Cumbrians count the cost of high winds and torrential rain

BUSINESSES and local people have been left counting the cost of one of the windiest and wettest winters on record.

Tourism, farming and even clubs and societies have been affected by heavy rainfall and winds of up to 70mph which have battered the area and caused losses totalling thousands of pounds.

A Cumbria County Council spokeswoman said the authority is ‘still counting’ the damage caused to roads by severe weather.

Figures from the Met Office reveal last month was the seventh wettest December since records began in 1910.

Westmorland experienced 67 per cent more rainfall than is ‘usual’ for the time of year, with a total of 315.5mm over the month.

Rivers have become swollen and fields across north Lancashire and south Cumbria have been turned into lakes.

“This seems to happen every year now,” said farmer, Paul Barker, of Warton Grange farm, Warton, whose land has become submerged.

“We get so much water running off the crag that it has nowhere to go except on to the fields.

“We’d be slurry spreading at this time of year but obviously we can’t. “We also can’t have animals on there because they’d just churn it up into mud.

“It’s just irritating more than anything!”

And Malcolm Petyt, of the Ramblers’ Association, said the weather had also affected outdoor clubs and activities.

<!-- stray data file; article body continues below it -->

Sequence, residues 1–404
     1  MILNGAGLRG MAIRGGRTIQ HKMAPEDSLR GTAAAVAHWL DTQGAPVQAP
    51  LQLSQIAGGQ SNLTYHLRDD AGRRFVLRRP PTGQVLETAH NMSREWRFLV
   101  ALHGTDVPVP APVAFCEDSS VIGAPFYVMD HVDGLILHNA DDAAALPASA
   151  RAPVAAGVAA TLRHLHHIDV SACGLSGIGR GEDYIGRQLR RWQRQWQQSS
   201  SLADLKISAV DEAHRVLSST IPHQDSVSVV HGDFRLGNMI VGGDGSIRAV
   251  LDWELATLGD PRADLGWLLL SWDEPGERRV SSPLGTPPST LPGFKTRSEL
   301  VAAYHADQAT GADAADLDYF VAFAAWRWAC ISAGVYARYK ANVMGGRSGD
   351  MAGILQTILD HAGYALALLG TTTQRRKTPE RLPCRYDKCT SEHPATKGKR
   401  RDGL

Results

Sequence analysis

“There are people are still trying to get out and about walking although not as many,” he said.

“But I’ve noticed a lot of people walking on the lanes rather than on footpaths.

“I just hope tourists realise this isn’t typical of the area!”

However, several people have said the rain is ‘not a problem’.

“We actually get more people here on bad weather days,” said Jeanette Edgar, of the Lakeland Arts Trust, which runs Blackwell.

Nigel Wilkinson, managing director of Windermere Lake Cruises admitted the company had lost thousands through cancelled sailings.

“A couple of times over the Christmas and New Year period it was just so windy we had to take the rare action of suspending services,” he said.

“On those days it’s not particularly nice to be out and about in the area and that’s put off visitors I think.”

And Ian Stephens, Cumbria Tourism’s managing director, said visitors enjoy the Lake District ‘whatever the weather’.

“We urge visitors to avoid the weather forecast,” he said.

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